Cisco Reported Most File-Sharers Resided in Asia

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Old 09-Jul-2011
Post Cisco Reported Most File-Sharers Resided in Asia

Arielle Sumits, chief analyst and prime architect of the Cisco’s Virtual Networking Index, revealed that thus far Asia has the most file-sharers, while the United States has the least (below 25 per cent). It seems that the news break hopes that American censoring legislation is about to have any effect on piracy.

While American copyright owners are pushing extensively for online censoring legislation to fight unauthorized peer-to-peer, they forget that main part of the world’s file-sharers reside outside the US borders.

According to the computer networking company’s Arielle Sumits, Asia currently hosts the highest number of the file-sharers throughout the world, with the US lagging far behind – even further than Canada. The lead analyst of a recent Virtual Networking Index produced by Cisco said in the interview that thus far the largest number of P2P users reside in Asia, followed by Europe. In the meantime, the United States turned out to have the lowest rate – less than 25% of traffic.

It seems that the news comes as a shock to rights owners and legislators involved in enacting online censoring laws like the COICA and PROTECT IP Act. Both of the bills have the purpose to boost the economy and protect US jobs (particularly the cleverly named PROTECT IP Act) by providing law enforcement extra instrument to pursue file-sharing sites. However, Cisco’s information proves that both drafts will have little effect, if any.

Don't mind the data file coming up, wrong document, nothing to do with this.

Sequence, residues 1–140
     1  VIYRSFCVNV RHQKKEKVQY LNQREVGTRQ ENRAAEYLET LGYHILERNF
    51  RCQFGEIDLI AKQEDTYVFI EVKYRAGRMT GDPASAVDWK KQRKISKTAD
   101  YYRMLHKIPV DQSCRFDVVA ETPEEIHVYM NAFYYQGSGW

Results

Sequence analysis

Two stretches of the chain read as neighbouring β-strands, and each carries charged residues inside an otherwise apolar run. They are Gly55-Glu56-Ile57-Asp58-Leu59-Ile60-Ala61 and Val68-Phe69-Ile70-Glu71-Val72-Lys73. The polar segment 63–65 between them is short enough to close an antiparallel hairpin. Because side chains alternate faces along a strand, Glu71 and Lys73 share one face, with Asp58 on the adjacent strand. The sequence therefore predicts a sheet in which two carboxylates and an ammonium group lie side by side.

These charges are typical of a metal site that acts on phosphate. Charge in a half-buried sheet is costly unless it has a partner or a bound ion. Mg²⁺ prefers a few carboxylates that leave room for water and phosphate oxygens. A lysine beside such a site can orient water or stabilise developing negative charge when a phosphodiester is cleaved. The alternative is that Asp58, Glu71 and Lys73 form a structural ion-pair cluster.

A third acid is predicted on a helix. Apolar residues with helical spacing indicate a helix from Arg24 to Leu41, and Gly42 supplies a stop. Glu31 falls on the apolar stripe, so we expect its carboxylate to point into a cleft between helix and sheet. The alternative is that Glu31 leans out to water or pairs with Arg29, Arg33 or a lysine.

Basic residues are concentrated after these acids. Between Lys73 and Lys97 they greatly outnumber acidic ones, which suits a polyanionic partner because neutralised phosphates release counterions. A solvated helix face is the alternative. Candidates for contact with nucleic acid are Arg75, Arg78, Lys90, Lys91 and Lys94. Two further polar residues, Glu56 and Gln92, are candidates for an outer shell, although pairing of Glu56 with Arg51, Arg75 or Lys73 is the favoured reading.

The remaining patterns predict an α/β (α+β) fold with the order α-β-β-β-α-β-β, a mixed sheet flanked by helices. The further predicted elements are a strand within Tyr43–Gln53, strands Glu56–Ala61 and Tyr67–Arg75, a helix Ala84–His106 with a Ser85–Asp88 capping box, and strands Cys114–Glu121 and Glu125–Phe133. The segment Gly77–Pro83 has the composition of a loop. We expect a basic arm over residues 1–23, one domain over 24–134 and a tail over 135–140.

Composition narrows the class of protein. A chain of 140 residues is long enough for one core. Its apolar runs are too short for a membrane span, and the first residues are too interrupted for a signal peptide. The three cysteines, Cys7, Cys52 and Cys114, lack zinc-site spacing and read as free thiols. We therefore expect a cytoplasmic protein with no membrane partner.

Many critics have already pointed out that the problem with these pieces of legislation is that they encompass only the US, which can at the most only reshuffle dollars file-sharers are now saving by illegally acquiring Internet material. Besides, this is only predicated on the assumption that the infringers would have otherwise bought the material, which is often times not the case.

Meanwhile, the industry observers assume that it would be a more prudent tack for US rights owners to take to find out why Asia is so engaged in piracy. That’s what a number of software companies did last year – tired from years of rampant piracy in Asia, they started experimenting with lower price points in attempt to increase consumer demand. As a result, Autodesk alone more than doubled its sales of AutoCAD 2011 after reducing its price to a modest 50% of what it costs in the United States. All that the other US rights owners have to do is exactly the same.

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